A la recherche du temps perdu…

La ci darem la mano

In better times, or perhaps I should really put in other times, I would have bi-annual work trips to Verona and in the Autumn to Tuscany. In all honesty, the latter was more like an excuse to bunk off with the boss for a few days, do a lot of driving and eat a lot of truffles.

My relationship with him was easier then, and it was always, in a slightly inarticulate, awkward way a fun few days. We also tasted a lot of wine.

Now for those of you who have been there, when you round the corner off Siena’s Via Banchi di Sopra and descend onto the Piazza del Campo you are launched into one the world’s most arresting views. And if you cross the Piazza, on the left just behind the Palazzo Publico is what I think Siena’s best restaurant…Le Logge (owned by the proprietor of Brunello di Montalcino Gianni Brunelli, Laura Brunelli).

Now, of an evening, sous une couche d’ennuie or perhaps just to test me out, JP would always hand me the list and tell me to choose. Now it’s a big pressure point choosing the wine for Mr Big.

And so, all those years ago, on our first visit to Le Logge I chose a bottle of Cepparello 2001 from Isole e Olena. I had always loved the named Cepparello, so cheeky, so Tuscan, so Don Giovanni. Well, er, that’s Leparello, but you get what I mean.

And I can remember that first sip even today – and JP’s gratifying remark, “Bon choix!”. Compliments were rare. It was classic pure Sangiovese with lively acidity a touch of sweetness and that sour cranberry fruit. Like the man from Remington, I loved it so much I bought the company – or at least I bought a case. And I had two bottles left.

I was particularly interested because Antoni Galloni had recently put up a vertical Cepparello going back to 1980, except inevitably, the one he missed was 2001! Now 2001 was a fine vintage in Tuscany, less sun-burnt than 2000 and less washed-out than 2002. For me, it is up there with 1999, 2004, 2006 et al.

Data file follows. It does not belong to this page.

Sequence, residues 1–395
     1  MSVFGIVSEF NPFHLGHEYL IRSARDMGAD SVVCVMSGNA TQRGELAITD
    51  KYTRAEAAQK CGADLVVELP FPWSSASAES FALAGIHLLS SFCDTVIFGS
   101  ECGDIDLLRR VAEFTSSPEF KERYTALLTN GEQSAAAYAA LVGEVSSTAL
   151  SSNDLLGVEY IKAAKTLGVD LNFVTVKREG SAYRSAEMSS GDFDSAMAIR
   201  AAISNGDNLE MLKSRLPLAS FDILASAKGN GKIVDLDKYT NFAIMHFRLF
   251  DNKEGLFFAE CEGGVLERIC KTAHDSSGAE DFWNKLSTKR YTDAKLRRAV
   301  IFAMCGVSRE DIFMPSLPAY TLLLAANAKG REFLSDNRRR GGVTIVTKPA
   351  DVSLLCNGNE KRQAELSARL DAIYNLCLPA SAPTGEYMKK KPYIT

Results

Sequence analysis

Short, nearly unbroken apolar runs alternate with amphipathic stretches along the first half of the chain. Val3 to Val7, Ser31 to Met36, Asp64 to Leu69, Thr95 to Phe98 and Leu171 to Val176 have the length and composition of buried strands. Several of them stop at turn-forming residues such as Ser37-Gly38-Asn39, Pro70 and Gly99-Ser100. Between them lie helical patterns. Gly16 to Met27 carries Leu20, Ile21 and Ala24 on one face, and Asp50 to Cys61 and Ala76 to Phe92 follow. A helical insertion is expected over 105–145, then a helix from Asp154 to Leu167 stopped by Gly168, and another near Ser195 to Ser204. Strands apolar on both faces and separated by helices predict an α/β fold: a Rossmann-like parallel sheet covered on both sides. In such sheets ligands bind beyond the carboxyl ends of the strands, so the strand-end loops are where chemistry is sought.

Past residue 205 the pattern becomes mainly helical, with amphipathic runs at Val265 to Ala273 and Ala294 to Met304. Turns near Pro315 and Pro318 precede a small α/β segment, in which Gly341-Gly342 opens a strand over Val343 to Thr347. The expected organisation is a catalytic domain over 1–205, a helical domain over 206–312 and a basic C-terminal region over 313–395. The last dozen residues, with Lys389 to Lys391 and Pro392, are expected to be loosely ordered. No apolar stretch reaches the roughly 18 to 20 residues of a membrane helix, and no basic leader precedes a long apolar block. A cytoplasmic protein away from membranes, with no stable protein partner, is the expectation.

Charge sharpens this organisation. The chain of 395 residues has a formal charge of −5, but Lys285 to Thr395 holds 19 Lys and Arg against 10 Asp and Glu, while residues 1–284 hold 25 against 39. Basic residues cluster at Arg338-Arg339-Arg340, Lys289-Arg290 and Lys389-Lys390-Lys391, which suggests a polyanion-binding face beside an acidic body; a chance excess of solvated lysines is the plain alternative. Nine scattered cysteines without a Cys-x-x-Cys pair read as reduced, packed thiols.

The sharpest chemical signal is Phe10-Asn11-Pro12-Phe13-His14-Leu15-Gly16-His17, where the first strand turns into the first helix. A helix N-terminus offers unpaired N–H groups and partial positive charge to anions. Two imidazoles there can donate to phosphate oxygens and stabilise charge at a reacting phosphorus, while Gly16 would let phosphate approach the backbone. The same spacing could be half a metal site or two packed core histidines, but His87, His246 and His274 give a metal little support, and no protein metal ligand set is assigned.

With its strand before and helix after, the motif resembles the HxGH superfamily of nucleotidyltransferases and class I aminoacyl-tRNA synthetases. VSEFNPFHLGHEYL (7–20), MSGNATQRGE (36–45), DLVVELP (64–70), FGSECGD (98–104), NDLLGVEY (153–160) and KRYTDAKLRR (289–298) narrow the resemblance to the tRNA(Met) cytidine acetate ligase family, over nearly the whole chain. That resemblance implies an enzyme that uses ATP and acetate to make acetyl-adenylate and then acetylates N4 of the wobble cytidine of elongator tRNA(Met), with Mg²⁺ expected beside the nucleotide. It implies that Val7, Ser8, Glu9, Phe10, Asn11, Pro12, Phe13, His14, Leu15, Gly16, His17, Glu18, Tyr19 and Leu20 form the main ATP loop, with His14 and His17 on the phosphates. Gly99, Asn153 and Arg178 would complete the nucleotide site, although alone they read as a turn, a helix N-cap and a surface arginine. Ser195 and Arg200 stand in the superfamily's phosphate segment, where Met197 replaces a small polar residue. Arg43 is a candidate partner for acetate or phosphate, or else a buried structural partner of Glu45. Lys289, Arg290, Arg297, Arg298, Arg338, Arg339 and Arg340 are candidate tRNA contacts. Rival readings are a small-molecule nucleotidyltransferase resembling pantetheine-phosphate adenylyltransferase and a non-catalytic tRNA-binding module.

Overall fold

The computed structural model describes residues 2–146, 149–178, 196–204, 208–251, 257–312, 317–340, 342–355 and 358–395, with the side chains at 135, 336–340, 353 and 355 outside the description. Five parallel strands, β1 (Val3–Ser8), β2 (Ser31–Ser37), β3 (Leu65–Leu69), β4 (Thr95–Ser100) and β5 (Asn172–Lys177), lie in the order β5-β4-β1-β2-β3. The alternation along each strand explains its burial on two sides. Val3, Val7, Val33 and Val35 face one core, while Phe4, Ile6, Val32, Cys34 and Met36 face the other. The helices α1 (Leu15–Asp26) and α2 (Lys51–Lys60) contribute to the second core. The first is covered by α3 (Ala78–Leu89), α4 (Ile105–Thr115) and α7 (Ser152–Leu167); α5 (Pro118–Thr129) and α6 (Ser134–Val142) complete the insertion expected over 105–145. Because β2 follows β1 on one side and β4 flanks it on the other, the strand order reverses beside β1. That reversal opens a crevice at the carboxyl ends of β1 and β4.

But what would Ceparello give ten years on? Well, my first remark is that it needs to be decanted, and decanted a couple of hours before going to table. At first there is the searing acidity of Sangiovese and a bright, if high pitched attack on the senses. It’s more red fruit than black and tension rather than weight. As the wine opens up it fills out considerably. As a counterweight to the high pitched opening, a rather brooding lower body emerges, of meatier more consistent flavours. However, his is no beefy, portly behemoth,  it is full of the mystery and promise of the forest…very Tuscan indeed. It also retains intense elegance. It has weight, poise and presence. Sophistication in an Italian sense, rather than the stiff collared, straight suited elegance of the Quai des Chartrons.

I drank it over two dinners, and the wine, vacu-vinned and put in the cooler for twenty four hours did not diminish. I wish I had more, but I think I will just have to stock up on the some more recent vintages.

And the next step? Well, I’ll have to have some very special guests, but I think a dinner pairing Il Carbonaione 2001 and the last Cepparello 2001 would make an interesting trail. Would Jurij’s fool blooded Florentine brow-beat the Sienese of Paolo di Marchi? Dobbiama aspettare un po’ piu tarde!

About matthewhayesbrognon

Wine Merchant
This entry was posted in VF - Pour encourager les autres. Bookmark the permalink.

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